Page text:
Following an existing trend at the global level, oil companies in Argentina have enthusiastically embraced the idea of entering the carbon permits market, as an effective way to increase their profits and revamp their image to the eyes of public opinion: from the bad guys responsible for global warming to champions of forest conservation! Since 1998, the government has been making things easier for them by favouring investments in plantation projects, disregarding their impacts on the valuable grassland ecosystems that have been the natural and physical support of the country's economy (see WRM Bulletin 17).
According to Patricio Montecino, general manager of Pecom Forestal (a subsidiary of oil company Pérez Companc), "nowadays it is difficult to think of an oil company without an additional forestry component" both because -according to him- forestry is a good business, and because such companies are now conscious of the need to work on solutions based on carbon sequestration. Pecom is negotiating carbon emissions permits with the German companies that are involved in the polemic Chubut-Prima Klima agreement to sequester carbon in southern Chubut Province (see WRM Bulletin 17).
For Pérez Companc Company, carbon sinks are nowadays a core business. The company started to work in the forestry sector in the 1950s and at present owns 163,000 hectares of land in the provinces of Misiones and Corrientes and in the Paraná Delta region, much of which will be planted with trees. 15,000 additional hectares of pine plantations are to be set up in the next seven years in Misiones. The company's holdings in Corrientes are being planted to Pinus taeda and Pinus elliottii at a rate of 6,000 hectares per year, with the aim of obtaining raw material to feed an industry to be installed in the area in the near future.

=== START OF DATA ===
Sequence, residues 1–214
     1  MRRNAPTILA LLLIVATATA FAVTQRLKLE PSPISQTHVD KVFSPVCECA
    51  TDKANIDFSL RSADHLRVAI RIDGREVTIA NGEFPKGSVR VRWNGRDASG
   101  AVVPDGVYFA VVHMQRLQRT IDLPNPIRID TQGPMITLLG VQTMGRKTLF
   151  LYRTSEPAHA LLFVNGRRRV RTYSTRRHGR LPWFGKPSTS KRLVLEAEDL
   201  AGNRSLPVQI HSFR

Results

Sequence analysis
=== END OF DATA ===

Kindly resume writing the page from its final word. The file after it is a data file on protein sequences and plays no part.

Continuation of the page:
Giant oil producer YPF (formerly State owned, now privatized and associated with Repsol of Spain) is supervising the plantation of 2,000 hectares with Pinus ponderosa in southern Neuquén Province by the Corporación Forestal Neuquina (CORFONE) and planning to reach 5,000 hectares by the year 2002. Of course Shell cannot be absent in this kind of initiatives: It owns 200,000 hectares in several countries (Congo, New Zealand, Chile, Uruguay, Argentina, Paraguay), being 120,000 hectares occupied by fast-growing trees plantations. In Argentina, Shell began to operate in 1998 and its plantations are located in Buenos Aires Province, where it owns 24,200 hectares, and in Corrientes Province, occupying an area of 8,000 hectares with eucalyptus and pines, to be extended to 18,000 hectares.
To create a "green image" for themselves is a very important goal of these companies' policy. Repsol-YPF boasts that its project is taking place in areas affected by erosion produced by overgrazing, and that they are not occupied by native forests, thus pretending to show its concern for environmental protection, in general, and for the reclamation of degradaded soils in particular. Shell emphasises that 2,000 hectares of native forests in its afforestation area will be left intact, and that the company aims to obtain certification according to the ISO 14001 norm so that the product can reach Northern markets. Nevertheless, such arguments are weak regarding a true conservation policy, since on the one hand it is well known that tree monocultures do not contribute to soil reclamation, and on the other hand, the effectiveness of small patches of native forest to conserve biodiversity in the midst of vast tree monocultures is very doubtful. Not to mention the poor performance of these companies (see article on Bolivia in this issue, and WRM Bulletins 1, 8 and 21) regarding environmental protection. Not to mention that the real business of these companies -oil extraction- is devastating both the local and global environment. And not to mention that while "greening" their image they are increasingly appropriating vast areas of land throughout the world.
Article based on information from: Federico Parapar, Ecología y Negocios, sent by Miguel Rentería, 30/5/2000;